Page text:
"When an old and distinguished person speaks to you, listen to him carefully and with respect – but do not believe him. Never put your trust in anything but your own intellect. Your elder, no matter whether he has gray hair or lost his hair, no matter whether he is a Nobel Laureate, may be wrong... So you must always be skeptical – always think for yourself." --Linus Pauling
Murrow's exposing McCarthy's tactics, etc. on national tv didn't pave the way for advocacy journalism. That's been around since almost the instant after Gutenberg got his bright idea. There was tons of the stuff written both in favor of and against abolition, women's rights, the Confederacy, etc.
No, the main difference between broadcast journalism today and in Murrow's time is that back then the networks ran their news departments at a loss. The news was considered a public service if you will.
While Murrow did not believe it was possible for a journalist to be completely objective in all matters, he thought it was always possible to report the news fairly and show all sides of a story. He was scrupulous in this. His See It Now shows are still considered by many as the greatest news programs in tv history, and the Radio-Television News Directors Association & Foundation give out a yearly award "honoring outstanding achievements in electronic journalism" that bears his name.
Now of course, everything's changed: ABC, CBS, NBC, FOX, CNN, etc. have all realized there's much money to be made in the news; which can only be a detriment to any actual reporting being done. A friend of mine who writes for a news program on a major network once joked on the phone to me that he "had to get back to writing the day's fiction." I laughed at the remark, but in a slightly chilled to the bone kind of way.
In regards to McCarthy, it's not as if Good Night, And Good Luck is the fifth movie in as many years dealing with subject. I think this might be the first done about any of it in my lifetime, which means it's also the first in yours; so you can't be that sick of it.
The McCarthy era was a dark one in American history. The issues at stake then are just as important now, and will remain so for as long as there is an United States. That being the case, it's necessary to bring it up from time to time; to inform the younger generation if no one else.
If you really want to get mad at a subject that has been done to death, can you all stop it with the Jesus nonsense already? Please? It's been two thousand years. Time to face the truth: He's never coming back, and you wouldn't get along with Him if He did (you think there's a generation gap with your folks, try coming to grips with your messiah's couple of millennia gap), and He's never heard of you. Let it go.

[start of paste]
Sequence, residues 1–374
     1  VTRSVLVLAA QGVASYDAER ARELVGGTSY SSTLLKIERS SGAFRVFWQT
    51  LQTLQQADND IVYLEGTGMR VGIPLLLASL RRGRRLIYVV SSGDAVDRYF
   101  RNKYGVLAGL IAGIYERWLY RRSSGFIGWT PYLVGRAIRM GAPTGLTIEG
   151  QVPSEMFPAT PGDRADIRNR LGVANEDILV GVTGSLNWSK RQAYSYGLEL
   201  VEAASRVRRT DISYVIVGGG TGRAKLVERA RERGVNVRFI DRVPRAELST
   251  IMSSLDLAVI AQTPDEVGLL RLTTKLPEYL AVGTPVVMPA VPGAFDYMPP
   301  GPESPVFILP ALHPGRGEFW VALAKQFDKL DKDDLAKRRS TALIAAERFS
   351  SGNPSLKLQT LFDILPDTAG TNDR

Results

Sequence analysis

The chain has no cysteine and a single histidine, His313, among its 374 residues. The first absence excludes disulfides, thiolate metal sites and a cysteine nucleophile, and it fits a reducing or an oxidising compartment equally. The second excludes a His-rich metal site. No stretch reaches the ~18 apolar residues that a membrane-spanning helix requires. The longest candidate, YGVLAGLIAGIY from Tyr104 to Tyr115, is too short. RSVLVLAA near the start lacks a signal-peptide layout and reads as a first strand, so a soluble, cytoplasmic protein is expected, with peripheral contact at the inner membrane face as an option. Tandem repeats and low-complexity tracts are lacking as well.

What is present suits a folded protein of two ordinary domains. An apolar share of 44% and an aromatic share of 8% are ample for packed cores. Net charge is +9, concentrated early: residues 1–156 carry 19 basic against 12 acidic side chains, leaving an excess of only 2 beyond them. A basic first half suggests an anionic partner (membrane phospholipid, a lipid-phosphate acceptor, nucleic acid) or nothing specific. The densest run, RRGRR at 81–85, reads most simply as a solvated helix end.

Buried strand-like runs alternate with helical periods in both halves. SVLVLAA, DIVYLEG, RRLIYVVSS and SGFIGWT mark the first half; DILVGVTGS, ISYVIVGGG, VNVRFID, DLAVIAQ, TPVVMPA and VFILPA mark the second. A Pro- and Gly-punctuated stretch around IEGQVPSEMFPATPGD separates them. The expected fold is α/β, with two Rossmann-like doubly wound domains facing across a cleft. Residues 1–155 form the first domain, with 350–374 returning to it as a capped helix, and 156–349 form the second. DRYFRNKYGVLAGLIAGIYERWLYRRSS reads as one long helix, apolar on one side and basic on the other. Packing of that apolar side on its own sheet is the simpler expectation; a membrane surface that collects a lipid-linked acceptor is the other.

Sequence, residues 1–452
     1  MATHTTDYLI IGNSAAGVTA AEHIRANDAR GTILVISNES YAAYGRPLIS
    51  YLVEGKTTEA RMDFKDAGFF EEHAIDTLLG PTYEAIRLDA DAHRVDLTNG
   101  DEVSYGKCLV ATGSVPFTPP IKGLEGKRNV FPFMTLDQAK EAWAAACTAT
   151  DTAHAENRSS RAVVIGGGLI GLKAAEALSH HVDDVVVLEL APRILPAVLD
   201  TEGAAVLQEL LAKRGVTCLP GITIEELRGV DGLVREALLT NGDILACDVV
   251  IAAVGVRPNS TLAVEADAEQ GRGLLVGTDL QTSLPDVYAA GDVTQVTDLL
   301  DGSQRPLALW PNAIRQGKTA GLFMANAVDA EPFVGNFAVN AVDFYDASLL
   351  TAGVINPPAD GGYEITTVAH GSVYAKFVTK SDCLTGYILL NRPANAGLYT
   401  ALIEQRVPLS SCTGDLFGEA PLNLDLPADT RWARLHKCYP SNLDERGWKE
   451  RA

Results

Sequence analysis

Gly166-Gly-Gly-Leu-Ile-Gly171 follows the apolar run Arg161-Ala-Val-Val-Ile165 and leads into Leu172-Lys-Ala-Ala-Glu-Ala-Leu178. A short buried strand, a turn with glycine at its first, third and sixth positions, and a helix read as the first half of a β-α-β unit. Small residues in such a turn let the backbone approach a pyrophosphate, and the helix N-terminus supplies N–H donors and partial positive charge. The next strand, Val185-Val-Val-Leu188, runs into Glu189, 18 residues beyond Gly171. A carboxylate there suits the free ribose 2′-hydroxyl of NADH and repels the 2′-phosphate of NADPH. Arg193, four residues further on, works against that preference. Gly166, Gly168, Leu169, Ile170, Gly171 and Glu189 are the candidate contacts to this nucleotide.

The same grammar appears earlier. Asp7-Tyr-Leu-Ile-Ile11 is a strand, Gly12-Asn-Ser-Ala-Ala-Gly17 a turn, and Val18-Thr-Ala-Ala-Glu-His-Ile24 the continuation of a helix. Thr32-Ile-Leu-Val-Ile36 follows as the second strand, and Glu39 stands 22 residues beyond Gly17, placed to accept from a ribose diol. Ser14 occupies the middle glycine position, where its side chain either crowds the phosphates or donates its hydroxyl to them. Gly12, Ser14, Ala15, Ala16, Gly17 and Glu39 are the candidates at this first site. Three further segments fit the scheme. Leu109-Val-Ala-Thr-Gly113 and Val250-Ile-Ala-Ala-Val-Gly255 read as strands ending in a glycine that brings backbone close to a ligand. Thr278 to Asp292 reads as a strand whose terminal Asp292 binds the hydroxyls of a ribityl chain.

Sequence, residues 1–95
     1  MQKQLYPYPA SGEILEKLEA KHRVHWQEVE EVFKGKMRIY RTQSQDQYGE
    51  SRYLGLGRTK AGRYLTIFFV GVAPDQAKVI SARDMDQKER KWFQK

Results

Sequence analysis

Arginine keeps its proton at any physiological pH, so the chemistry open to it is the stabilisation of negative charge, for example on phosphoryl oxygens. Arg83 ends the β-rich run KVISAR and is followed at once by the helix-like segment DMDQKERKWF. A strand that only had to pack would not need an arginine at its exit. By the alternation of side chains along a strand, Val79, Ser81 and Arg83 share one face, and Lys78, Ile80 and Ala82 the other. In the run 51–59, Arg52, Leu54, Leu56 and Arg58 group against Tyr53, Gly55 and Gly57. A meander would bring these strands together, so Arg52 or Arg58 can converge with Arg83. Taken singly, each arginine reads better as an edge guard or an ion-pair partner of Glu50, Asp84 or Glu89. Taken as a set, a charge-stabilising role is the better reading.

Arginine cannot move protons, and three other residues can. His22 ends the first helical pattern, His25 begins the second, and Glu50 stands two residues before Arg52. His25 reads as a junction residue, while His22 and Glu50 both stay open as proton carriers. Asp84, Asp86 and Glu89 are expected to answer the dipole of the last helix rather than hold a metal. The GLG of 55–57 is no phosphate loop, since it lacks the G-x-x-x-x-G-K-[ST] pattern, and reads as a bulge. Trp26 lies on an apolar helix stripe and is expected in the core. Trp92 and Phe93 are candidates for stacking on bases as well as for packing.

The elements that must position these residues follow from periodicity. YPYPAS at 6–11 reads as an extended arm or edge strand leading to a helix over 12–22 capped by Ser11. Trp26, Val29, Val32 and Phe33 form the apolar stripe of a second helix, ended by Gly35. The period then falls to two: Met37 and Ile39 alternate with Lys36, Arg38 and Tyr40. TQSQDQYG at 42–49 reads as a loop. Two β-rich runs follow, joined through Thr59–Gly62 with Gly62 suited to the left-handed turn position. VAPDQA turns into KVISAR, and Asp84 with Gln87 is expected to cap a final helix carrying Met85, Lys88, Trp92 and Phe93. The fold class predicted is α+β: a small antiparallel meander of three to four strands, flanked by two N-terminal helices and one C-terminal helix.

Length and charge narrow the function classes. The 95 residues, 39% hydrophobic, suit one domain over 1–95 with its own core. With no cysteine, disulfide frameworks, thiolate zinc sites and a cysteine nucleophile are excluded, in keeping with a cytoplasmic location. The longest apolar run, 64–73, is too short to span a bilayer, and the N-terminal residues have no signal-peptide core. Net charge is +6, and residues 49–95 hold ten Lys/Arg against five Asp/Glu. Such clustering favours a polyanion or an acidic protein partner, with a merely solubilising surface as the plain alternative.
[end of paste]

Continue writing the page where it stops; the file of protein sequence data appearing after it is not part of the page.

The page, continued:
Also, Christian rock really sucks. Surely any divinity that encourages such things should be um, avoided.
More later, about other subjects.
Tuesday night I began on Level 3 of my improv classes at the IO West for the second time. Don't know if I mentioned it, but I was held back the last time and took a bit of a break before jumping back in.
After that class I believe I have an idea as to why I'm not progressing as fast I would like in improv. I've been trying to Not Look Stupid too much. I have to be willing to look Very Stupid Indeed, and that's just the nature of the animal.
On Wednesday I saw the movie Good Night, And Good Luck. Have you seen it yet? You must, as it is mighty.
In the early 1950s the Communist 'witch hunts' were full swing in this country. While not solely responsible for the climate of hysteria, no one made more hay of it than Senator Joseph McCarthy of Wisconsin. His smear tactics destroyed the lives and careers of many, and scared even more.
In short, Joseph McCarthy, Republican Senator from Wisonsin was a fucking ASSHOLE.
Into the fray stepped broadcast journalism god Edward R. Murrow. Murrow made his reputation during WWII, reporting on live radio from the London Blitz. When the Allies marched into Buchenwald, it was Murrow who told the world of the horrors found there. His credentials and integrity were beyond reproach. Murrow was a hero.
The movie tells how Murrow used that same sort of courage and tenacity to help bring down Joe McCarthy. It's a shame they couldn't have gone into it even more, but what they have is awesome. The movie is as factual as possible, everything in it has been "double sourced" as if it were a news story and not a movie about one.
Oh, and it's filmed in the crispest, most glorious black and white this side of Frank Miller's Sin City. The soundtrack contains a bunch of jazz standards sung by Diana Reeves. Everyone smokes in the movie, EVERYONE, and I think that's cool too.
You can find a long radio interview with the George Clooney about the making of the movie here. An interview with Bob Edwards, author of the book Edward R. Murrow and the Birth of Broadcast Journalism can be found here.
Good Night, And Good Luck is a film well worth your time and money.